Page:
By Lauren Langer and Kathy Shin, Best Best & Krieger LLP
As COVID-19 cases climb in California, state, county and city directives generally require people to wear face coverings outside the home when social distancing is not practical. Avoiding the disruptions of his original stay-at-home orders, Gov. Gavin Newsom announced the State’s face-covering directive on June 18, in response to California’s surge in cases. Failure to comply with the requirement, as implemented in county health officer orders, is a misdemeanor under the Emergency Services Act and other provisions of state law.
But filing a criminal complaint for every mask violation could quickly exhaust local resources and overrun courts already operating at limited capacity. Not only would massive criminal enforcement burden the system, it doesn’t further the goal of face covering rules: gaining compliance and changing behavior.
Since the start of the COVID-19 pandemic, local governments have led the effort in enforcing public health directives. During Stage One, municipalities and local health departments closed public spaces and most non-essential businesses to prevent spread of the virus. In the current effort to safely reopen, cities and counties statewide are turning to public outreach and administrative citations to help their communities adjust to “the new normal,” which, for now, includes wearing face coverings outside the home.
While criminal prosecution is available, cities have another tool in their toolbox: the administrative
approach. In general, state law authorizes cities and counties to enforce any violation of a local ordinance by an administrative fine or penalty. These administrative remedies may be in lieu of, or in addition to, any civil or criminal remedies that would apply to the underlying violation.
By allowing jurisdictions to enforce local laws outside the courts, administrative citations reduce the costs of compliance for both the violator and the public. For this reason, most cities already rely on administrative code enforcement for many municipal code violations, and already have the processes and procedures in place for this type of enforcement. For this type of issue, cities have choices for who does the actual enforcement activities. As with all administrative enforcement, the goal is not punishment; rather, the goal is gaining compliance through personal interactions and verbal or written warnings that precede administrative citations.
Depending on the jurisdiction, administrative fines for violating local face covering requirements can range from $100 to $500 for the first violation, with increasing schedules of fines for repeat offenders. Once local officials have determined that administrative citations are a suitable enforcement tool, the question becomes what amount is likely to deter violations and encourage people to change their behavior? Fines in West Hollywood* cost $250 for a first offense followed by $1,000, $2,000 and $5,000 for each subsequent violation, in addition to a $50 administrative fee. The City of Santa Monica has adopted two fine schedules: individuals are subject to $100 for the first violation, then $250 and $500 for each subsequent violation committed within one year of the first. Businesses are subject to $500 for the first violation, $750 for the second and $1,000 for the third violation committed within one year of the first.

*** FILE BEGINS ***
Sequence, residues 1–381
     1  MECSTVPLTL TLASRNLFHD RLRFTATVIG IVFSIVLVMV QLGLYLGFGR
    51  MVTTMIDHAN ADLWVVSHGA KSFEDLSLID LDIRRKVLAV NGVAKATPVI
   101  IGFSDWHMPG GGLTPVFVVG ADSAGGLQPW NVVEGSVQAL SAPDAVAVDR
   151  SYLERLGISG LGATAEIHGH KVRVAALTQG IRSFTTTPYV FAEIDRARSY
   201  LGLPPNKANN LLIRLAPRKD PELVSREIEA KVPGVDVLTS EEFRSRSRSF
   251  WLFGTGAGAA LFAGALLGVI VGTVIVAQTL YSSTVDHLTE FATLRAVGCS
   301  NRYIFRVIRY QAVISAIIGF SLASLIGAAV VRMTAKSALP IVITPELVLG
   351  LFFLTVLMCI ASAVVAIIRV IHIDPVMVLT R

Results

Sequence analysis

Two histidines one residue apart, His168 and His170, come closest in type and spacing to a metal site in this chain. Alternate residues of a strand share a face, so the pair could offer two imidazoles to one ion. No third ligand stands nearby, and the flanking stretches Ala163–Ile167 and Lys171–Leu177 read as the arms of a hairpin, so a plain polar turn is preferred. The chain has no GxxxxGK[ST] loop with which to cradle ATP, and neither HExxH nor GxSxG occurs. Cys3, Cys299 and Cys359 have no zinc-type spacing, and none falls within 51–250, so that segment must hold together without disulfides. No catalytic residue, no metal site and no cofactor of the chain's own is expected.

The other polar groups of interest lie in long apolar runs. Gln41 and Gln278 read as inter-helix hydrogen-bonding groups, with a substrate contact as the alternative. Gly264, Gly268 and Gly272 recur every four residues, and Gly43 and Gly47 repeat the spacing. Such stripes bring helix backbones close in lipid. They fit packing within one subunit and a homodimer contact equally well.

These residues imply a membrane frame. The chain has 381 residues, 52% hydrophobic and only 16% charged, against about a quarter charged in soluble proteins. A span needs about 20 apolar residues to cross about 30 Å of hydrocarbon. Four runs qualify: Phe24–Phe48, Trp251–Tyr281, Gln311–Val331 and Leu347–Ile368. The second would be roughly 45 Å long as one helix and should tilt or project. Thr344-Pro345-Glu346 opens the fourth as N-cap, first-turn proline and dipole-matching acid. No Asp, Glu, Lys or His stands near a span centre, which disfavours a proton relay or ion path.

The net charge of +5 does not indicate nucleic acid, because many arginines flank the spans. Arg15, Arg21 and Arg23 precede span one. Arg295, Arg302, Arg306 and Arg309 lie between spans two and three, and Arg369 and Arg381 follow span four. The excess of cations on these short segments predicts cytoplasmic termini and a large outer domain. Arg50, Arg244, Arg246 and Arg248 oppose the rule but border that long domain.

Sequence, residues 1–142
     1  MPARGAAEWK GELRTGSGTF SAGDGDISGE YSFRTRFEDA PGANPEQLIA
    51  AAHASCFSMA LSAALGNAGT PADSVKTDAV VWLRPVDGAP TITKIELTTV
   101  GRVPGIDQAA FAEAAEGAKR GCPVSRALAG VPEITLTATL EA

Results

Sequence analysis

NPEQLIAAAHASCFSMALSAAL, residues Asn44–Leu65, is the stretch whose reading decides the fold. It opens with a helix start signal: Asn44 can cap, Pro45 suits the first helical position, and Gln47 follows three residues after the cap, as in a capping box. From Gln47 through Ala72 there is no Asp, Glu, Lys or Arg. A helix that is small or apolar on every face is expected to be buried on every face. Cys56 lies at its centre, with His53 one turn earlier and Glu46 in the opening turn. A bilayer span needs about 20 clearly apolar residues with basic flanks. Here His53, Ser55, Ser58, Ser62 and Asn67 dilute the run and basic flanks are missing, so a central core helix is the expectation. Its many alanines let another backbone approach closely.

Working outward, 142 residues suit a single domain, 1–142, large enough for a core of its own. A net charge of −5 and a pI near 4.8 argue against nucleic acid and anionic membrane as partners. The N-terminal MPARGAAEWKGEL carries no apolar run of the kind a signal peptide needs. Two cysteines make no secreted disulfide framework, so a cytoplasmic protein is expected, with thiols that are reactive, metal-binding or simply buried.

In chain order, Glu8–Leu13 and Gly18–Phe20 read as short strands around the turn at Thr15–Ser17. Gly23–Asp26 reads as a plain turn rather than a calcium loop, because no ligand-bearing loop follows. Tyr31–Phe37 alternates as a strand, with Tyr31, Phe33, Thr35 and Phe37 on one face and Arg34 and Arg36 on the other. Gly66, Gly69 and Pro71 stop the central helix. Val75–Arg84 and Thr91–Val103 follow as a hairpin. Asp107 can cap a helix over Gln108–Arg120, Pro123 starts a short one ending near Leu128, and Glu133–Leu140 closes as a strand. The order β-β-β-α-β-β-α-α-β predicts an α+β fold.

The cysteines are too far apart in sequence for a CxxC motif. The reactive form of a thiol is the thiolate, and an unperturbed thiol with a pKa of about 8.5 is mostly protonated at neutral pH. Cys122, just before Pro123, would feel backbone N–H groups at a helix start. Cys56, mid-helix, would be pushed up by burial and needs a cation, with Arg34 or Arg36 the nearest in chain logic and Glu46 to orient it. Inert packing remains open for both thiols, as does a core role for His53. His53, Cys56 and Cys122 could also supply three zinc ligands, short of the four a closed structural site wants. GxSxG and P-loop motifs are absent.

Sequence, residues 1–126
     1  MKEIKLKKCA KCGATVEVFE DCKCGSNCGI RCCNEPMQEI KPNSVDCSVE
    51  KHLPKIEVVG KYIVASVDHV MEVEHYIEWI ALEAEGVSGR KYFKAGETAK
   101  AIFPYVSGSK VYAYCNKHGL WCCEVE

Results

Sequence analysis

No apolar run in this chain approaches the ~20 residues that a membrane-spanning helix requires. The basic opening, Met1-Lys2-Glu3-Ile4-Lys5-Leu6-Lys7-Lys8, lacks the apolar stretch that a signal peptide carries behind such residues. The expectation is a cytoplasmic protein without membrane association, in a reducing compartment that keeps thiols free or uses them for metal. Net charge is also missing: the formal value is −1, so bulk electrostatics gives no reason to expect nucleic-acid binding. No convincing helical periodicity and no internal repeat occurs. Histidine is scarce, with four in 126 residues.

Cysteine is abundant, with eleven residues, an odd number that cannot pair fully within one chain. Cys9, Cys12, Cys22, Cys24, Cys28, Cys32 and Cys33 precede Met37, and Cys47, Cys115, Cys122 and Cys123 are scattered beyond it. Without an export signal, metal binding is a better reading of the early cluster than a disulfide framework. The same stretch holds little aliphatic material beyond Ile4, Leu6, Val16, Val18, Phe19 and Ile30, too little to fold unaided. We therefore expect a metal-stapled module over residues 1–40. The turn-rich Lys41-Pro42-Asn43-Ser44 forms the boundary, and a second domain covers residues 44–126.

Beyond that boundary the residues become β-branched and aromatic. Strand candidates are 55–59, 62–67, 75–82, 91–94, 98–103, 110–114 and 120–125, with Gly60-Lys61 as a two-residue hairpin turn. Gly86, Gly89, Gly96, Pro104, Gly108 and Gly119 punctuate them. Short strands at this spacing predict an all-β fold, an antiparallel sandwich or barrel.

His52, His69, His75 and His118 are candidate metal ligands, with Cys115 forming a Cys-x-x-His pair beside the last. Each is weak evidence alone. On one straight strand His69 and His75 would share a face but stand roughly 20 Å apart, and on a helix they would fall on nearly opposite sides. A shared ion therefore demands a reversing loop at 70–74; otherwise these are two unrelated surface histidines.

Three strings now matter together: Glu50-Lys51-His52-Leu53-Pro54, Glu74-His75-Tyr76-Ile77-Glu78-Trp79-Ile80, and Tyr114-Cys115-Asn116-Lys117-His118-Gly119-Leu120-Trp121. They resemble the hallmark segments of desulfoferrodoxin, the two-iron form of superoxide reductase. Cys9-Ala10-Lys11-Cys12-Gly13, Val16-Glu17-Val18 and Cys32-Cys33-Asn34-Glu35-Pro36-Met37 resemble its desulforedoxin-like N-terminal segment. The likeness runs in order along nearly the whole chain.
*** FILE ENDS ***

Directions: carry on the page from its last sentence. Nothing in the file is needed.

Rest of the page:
Another element of successful enforcement is to create exemptions locally for individuals who cannot safely wear a face covering. Following the State directive, many local face covering requirements exempt children under age 2 and individuals with a medical condition that prevents wearing a face covering or makes it difficult to remove without assistance. (Individuals that fall under these health exemptions could be encouraged to carry a doctor’s note explaining that they cannot safely wear a face mask. The note need not provide personal medical information and will help enforcement officers quickly determine that the individual is exempt from the rule.) Many local face covering requirements also exempt certain activities permitted by a county health officer order (for example, eating outdoors in accordance with a restaurant reopening protocol).
Even as more jurisdictions opt to enforce local face covering requirements with administrative citations, enforcement officers on the ground continue to rely on education and outreach (including dispensing free masks to members of the public) as their first line of defense. The West Hollywood Sheriff’s Station Community Impact Team, for example, issued 29 mask citations over the past month and several hundred “warnings” over the same period. The Sheriff’s deputies provided free paper face coverings to anyone they encountered who was not wearing a face covering.
In short, the point of these enforcement programs is not to penalize behavior, but to reduce community transmission of the novel coronavirus by the most effective means.
*Editor’s Note: Best Best & Krieger LLP represents the City of West Hollywood as city attorney.
Lauren Langer is a partner in Best Best & Krieger LLP’s Municipal Law practice group. She serves as assistant city attorney to the cities of West Hollywood, Lomita and Hermosa Beach. She can be reached at firstname.lastname@example.org.
Kathy Shin is an associate in Best Best & Krieger LLP’s Municipal Law practice group. She serves as deputy city attorney to the cities of West Hollywood and Palos Verdes Estates, and has helped a number of municipalities navigate emergency orders during the pandemic. She can be reached at email@example.com.